Troy Schumacher on His First Work For City Ballet

Classic Arts Features   Troy Schumacher on His First Work For City Ballet
"I have no idea what it's going to be like and Ilove that," says Troy Schumacher, speakingahead of a milestone: the debut of his firstballet created for NYCB, which premieredat the Company's Fall Gala performance onSeptember 23.

"It's every choreographer's dream to make a ballet at New York City Ballet," adds the dancer, known to audiences for roles such as the high-flying Puck in George Balanchine's A Midsummer Night's Dream.

Schumacher, a member of the NYCB corps de ballet since 2005, has toyed with the idea of choreography since his days as a student at the School of American Ballet. In 2009, while on summer break from NYCB, Schumacher asked Atlanta Ballet, where he received his initial training, if they would be willing to let him choreograph on their trainees. "I told myself that if I don't have a good time or if it's terrible, I won't do it again, but I should at least give it a try. I loved seeing how the music could be expressed in different ways."

Soon after, Schumacher partnered with other visual, musical, and literary artists to form what is now known as BalletCollective, of which he is the resident choreographer. The dancers are his fellow members of NYCB; they rehearse and perform during NYCB's off-season. Schumacher also participated in the Fall 2012 session of the New York Choreographic Institute, an affiliate of NYCB. "Most of my previous works have been meant for more intimate audiences, but for the Institute, I did something very large-scale, which was good preparation for this ballet." He adds, "I used very complicated music for that, too."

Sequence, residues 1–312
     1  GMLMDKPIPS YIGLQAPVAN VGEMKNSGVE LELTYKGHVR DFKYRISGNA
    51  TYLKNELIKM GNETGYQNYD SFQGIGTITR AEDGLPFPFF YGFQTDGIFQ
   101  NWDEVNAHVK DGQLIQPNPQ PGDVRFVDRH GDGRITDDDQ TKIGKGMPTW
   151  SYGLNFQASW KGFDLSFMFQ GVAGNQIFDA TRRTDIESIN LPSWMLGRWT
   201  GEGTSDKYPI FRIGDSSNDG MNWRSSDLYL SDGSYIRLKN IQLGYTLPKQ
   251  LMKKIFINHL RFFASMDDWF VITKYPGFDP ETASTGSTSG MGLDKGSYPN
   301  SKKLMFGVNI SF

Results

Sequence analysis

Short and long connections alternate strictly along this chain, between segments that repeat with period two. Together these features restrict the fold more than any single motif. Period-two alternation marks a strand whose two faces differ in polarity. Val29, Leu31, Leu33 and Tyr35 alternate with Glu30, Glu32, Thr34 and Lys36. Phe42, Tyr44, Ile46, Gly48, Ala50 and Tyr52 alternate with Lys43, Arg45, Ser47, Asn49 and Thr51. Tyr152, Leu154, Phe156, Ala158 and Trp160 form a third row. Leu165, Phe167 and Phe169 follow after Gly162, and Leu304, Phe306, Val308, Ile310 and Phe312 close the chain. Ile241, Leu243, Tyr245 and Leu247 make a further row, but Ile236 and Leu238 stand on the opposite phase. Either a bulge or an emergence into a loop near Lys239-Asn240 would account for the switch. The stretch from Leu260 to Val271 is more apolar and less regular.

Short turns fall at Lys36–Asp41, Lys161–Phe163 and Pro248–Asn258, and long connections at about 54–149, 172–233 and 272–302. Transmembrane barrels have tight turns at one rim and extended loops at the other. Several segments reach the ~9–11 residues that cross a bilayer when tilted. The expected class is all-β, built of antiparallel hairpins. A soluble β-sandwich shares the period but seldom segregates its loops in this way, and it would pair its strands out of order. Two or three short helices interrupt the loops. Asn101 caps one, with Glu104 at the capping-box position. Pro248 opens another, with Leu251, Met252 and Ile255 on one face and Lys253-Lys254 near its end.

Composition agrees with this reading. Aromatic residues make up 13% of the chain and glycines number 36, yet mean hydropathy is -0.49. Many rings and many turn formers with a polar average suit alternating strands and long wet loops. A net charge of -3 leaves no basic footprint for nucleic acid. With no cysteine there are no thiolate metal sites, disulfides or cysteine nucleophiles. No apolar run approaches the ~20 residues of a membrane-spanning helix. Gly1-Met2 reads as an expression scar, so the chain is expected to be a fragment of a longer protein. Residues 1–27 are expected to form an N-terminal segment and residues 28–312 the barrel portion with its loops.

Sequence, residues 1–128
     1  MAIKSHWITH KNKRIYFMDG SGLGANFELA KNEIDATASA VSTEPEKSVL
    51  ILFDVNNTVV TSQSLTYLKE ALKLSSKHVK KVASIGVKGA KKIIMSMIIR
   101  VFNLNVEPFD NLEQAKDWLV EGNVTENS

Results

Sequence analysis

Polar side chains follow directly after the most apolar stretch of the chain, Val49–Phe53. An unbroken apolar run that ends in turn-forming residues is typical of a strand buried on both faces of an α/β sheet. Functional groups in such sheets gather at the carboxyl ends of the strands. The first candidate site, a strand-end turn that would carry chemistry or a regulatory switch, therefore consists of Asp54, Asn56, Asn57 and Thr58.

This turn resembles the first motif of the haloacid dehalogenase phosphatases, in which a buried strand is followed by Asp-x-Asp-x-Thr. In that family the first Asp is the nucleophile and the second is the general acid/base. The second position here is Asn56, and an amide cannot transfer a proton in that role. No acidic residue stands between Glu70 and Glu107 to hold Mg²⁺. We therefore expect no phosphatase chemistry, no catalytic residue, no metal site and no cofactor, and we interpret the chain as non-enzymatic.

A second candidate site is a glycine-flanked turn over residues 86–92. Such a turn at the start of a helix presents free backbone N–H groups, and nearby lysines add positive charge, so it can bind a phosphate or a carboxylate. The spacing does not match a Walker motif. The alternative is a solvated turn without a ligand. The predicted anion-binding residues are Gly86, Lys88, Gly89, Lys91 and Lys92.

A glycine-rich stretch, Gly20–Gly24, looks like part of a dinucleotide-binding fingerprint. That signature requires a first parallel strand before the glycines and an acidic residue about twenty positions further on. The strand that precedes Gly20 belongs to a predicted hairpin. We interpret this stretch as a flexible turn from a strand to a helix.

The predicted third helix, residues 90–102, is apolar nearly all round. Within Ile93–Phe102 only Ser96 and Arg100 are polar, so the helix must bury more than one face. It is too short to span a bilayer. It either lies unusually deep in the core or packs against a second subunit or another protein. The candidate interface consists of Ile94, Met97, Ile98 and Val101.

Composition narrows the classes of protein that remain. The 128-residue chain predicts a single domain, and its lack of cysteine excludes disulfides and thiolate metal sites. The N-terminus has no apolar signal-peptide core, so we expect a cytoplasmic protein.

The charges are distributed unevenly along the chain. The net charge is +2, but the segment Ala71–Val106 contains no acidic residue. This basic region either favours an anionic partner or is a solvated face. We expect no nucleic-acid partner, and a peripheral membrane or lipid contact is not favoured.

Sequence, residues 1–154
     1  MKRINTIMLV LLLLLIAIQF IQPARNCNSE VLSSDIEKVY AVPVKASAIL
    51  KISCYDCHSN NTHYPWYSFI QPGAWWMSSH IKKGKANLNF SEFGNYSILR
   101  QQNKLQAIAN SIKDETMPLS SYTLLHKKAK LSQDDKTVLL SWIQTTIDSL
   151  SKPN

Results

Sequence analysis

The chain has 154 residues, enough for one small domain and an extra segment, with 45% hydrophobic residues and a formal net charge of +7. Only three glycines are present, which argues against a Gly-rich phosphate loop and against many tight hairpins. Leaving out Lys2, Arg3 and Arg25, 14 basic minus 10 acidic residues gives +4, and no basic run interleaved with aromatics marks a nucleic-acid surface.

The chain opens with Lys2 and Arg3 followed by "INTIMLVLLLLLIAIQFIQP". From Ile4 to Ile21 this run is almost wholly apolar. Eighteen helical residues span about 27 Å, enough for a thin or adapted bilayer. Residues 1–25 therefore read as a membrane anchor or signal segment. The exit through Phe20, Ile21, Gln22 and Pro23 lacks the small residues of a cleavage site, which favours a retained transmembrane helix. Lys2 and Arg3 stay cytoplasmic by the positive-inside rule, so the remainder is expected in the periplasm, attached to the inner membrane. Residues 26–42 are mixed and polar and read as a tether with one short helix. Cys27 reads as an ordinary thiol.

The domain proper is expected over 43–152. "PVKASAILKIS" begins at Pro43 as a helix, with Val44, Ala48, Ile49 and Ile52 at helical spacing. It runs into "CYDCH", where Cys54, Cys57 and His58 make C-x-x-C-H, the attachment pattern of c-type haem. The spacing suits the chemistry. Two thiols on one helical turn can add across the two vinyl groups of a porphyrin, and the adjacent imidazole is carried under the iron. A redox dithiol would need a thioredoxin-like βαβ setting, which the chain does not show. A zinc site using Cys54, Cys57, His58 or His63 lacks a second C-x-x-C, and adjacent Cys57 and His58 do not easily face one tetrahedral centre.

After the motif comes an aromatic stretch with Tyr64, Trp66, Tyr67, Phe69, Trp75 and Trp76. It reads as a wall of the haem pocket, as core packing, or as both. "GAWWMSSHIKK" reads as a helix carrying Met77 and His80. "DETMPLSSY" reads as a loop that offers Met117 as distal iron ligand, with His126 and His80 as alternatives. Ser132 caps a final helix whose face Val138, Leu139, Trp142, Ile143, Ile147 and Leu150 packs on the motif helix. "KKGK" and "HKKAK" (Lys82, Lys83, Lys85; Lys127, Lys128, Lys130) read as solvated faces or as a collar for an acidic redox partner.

For his NYCB world premiere, Schumacher chose the complex Clearing, Dawn, Dance by Judd Greenstein, a Brooklynbased composer of contemporary classical music. The ballet is costumed by acclaimed New York-based fashion designer Thom Browne, whose designs Schumacher has long admired. "There are interesting parallels between his fit aesthetic and what dancers actually wear when we rehearse: the way we accentuate our limbs," he says. And as the name of his company, BalletCollective, suggests, he draws inspiration from working collaboratively. "It puts a filter on my perspective that makes me consider things differently than I normally do. I know who these dancers are physically, but what he designs will help me determine, in some ways, who they are."

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